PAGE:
Closed Circuit full movie review - Conflict, Trust and Power, these prevail in the movie
What is the point we could and ought to draw from this movie: In this day and age, we have become all too familiar with how much terror is becoming woven in the fabric of our
lives, so much so that we have become complaisant in accepting that the powers to be are given carte blanche as long as we don't have to hear or read about it, just like good old corruption always has. Perhaps it is a trade-off we accept and then maybe it is one we never should, because it leads to no better fate for us than that which we seek so hard to avoid, the loss of our freedoms.
The leader in the use of CCTV (closed circuit television from video cameras), London, has set the bar for that sort of privacy invasion. It is certainly debatable whether or not privacy ought to extend to public places, but the fact that we can be tracked and our lives outside our homes is fair game for security forces to use to such a high level of dissemination that it is likely innocents will be caught in the web, and thrown to the wolves, if only to give us all a sense of safety, a false one most likely. We have no more protection from power; and who benefits but the powers who are solely the ones protected. The irony is stark and the conflicts, ones we cannot defend against.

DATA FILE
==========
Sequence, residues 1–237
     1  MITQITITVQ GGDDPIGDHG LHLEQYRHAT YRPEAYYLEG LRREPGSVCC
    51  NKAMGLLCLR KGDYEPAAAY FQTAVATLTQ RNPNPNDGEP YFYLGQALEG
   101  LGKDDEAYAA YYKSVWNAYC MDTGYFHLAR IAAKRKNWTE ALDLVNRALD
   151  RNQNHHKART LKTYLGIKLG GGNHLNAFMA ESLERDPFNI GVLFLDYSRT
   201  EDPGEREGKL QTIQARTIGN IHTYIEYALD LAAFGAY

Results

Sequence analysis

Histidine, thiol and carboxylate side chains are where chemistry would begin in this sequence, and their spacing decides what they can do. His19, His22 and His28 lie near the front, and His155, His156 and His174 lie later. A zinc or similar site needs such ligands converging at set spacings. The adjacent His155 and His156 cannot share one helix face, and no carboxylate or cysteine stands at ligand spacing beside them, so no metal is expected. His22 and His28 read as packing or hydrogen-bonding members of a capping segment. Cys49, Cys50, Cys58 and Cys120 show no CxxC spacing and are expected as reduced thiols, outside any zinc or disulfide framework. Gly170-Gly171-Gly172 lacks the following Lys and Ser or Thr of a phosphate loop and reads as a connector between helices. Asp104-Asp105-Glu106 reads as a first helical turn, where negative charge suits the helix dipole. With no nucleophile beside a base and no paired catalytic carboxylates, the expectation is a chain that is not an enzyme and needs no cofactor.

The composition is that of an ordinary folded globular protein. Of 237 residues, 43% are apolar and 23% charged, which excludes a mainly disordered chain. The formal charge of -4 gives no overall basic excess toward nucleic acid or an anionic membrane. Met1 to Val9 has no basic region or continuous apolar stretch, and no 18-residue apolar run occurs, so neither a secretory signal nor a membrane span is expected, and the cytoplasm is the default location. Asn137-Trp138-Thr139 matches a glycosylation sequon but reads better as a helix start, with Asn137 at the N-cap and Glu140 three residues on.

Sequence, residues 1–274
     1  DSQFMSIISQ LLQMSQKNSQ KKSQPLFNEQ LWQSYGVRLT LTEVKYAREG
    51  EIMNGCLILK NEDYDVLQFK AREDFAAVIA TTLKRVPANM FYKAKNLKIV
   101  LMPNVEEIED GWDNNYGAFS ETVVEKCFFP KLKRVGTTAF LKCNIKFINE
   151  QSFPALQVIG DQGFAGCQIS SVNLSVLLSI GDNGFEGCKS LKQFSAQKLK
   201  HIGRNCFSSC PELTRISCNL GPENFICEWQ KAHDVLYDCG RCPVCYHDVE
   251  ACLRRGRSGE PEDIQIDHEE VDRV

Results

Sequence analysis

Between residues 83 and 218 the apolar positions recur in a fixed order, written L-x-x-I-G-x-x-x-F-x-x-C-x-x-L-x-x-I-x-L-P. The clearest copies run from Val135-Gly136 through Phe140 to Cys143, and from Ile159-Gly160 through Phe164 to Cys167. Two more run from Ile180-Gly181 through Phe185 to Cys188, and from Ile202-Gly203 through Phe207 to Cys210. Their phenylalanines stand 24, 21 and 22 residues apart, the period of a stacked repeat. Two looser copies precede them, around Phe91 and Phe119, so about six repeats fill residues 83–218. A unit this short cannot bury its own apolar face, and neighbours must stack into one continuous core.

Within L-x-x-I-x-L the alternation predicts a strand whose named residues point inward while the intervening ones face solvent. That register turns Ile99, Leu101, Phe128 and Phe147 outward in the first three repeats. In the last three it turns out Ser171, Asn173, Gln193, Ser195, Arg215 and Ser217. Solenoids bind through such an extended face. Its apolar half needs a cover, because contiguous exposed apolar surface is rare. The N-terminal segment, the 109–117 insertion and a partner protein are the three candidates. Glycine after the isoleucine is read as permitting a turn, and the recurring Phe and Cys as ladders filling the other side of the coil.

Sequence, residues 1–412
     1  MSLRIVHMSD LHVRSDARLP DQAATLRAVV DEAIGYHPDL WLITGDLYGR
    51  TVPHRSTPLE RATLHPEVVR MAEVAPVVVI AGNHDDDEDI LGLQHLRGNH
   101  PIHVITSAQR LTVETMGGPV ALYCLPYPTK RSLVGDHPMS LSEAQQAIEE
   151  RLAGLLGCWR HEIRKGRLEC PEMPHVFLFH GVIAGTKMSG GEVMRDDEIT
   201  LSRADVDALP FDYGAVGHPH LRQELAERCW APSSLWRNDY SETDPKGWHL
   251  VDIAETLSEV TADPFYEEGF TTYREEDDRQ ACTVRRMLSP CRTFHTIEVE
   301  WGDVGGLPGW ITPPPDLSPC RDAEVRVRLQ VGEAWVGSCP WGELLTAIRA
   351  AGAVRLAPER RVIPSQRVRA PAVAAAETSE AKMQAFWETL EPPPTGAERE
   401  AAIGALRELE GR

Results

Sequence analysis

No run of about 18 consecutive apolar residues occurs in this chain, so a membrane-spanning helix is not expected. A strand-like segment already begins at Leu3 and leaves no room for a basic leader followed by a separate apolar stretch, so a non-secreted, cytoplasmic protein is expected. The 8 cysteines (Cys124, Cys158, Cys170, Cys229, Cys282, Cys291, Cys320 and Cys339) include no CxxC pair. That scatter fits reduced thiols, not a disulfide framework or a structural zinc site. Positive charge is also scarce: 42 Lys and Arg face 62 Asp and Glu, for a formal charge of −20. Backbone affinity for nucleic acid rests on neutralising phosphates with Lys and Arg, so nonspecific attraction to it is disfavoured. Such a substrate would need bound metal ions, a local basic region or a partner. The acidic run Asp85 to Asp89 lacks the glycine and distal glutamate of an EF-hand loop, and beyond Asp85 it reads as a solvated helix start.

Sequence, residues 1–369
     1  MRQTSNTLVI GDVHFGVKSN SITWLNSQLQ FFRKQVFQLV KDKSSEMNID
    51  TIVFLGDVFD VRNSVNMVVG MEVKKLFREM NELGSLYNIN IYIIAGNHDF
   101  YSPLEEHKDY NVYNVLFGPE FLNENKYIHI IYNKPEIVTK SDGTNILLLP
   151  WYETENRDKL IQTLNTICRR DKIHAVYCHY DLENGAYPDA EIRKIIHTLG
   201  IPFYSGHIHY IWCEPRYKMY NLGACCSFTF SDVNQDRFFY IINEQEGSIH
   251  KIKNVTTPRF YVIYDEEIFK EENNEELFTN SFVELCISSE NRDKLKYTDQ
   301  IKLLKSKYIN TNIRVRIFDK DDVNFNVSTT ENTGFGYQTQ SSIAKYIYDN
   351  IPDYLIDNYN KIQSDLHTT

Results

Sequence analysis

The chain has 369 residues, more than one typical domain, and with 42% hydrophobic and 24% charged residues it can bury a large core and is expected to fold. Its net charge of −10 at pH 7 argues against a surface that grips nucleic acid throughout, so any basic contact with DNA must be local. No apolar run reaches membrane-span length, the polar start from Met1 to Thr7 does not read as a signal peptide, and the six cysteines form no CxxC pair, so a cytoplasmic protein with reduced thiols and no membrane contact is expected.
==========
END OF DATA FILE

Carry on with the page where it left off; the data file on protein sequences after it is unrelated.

The two lead actors in the movie play the roles of pawns caught, as it were, in that web, by a system which they themselves are a part of, but it does not make them immune to the same precarious state we are all subject to, in addition to which they have an additional source of conflict, their past relation history, and that makes them even more vulnerable. Martin Rose and Claudia Simmons-Howe, played respectively by Eric Bana and Rebecca Hall, both have risen in the legal system and are believers in its fair and impartial practice. They however have never dealt with or confronted real power before the case they both are assigned. Their plight as well as the one of their client is sealed by the same inevitability and this makes for a damn good thriller in my book.
In order to better enjoy this movie, you should familiarize yourself with the English legal system, particularly the role of barristers, solicitors and the current sollicitor-advocat role, in the context of high profile criminal cases. I mention this because if you ever watched a French movie that dealt with court proceedings and prosecution, you most certainly found it frustrating or boring and missed out on the full experience such movie could have provided. The same applies here; you might still appreciate the thriller portions, but you'll have wasted a portion of the movie simply ignoring it or being left to wonder. If you follow my suggestion, you'll thank me later.
As complex as the details of the plot are, it is still easy to follow the development if you pay attention. The suspense and tension builds and builds from beginning to the end, when alas you reach the climax of the story, one that then makes sense and was, as you can deduce, inevitable even if surprising. You will not feel a warm and fuzzy feeling when it's all over and you should not; that's why I liked it.